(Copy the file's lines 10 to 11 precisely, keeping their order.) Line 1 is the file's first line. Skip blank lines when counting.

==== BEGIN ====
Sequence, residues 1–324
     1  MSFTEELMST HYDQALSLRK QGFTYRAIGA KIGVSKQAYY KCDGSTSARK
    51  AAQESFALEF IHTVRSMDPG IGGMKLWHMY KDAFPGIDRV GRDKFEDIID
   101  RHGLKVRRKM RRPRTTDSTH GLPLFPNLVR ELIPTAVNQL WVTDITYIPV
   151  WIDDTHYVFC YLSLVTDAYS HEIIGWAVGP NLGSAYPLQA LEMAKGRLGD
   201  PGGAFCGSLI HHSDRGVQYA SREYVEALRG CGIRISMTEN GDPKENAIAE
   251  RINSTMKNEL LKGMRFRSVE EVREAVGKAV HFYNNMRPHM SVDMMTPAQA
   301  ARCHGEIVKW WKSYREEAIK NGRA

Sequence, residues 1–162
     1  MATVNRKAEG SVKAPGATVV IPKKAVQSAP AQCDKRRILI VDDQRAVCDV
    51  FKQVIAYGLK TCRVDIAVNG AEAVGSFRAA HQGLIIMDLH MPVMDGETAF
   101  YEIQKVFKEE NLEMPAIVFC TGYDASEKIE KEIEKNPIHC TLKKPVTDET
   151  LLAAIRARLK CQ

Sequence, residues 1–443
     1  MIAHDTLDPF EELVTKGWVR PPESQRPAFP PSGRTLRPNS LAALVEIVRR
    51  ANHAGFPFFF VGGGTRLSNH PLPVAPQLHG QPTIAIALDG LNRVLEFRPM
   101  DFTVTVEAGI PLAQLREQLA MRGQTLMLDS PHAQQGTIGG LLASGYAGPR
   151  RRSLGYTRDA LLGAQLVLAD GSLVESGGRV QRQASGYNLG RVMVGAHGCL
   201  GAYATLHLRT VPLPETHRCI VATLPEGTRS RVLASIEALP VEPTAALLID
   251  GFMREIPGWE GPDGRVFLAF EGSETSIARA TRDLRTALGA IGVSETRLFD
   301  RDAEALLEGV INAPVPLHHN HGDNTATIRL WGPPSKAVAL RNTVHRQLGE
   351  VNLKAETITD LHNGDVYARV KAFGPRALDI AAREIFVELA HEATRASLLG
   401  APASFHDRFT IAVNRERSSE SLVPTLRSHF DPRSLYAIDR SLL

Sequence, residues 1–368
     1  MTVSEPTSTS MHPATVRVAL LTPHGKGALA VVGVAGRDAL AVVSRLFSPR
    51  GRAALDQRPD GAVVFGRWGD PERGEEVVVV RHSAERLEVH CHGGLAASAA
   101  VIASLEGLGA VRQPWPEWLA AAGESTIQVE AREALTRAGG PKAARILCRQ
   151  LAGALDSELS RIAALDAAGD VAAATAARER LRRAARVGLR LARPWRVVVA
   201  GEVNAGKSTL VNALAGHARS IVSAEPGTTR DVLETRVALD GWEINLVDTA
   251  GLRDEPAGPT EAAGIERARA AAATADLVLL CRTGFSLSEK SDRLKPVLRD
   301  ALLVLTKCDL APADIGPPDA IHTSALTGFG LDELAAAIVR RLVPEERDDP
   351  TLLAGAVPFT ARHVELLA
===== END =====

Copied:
     1  MATVNRKAEG SVKAPGATVV IPKKAVQSAP AQCDKRRILI VDDQRAVCDV
    51  FKQVIAYGLK TCRVDIAVNG AEAVGSFRAA HQGLIIMDLH MPVMDGETAF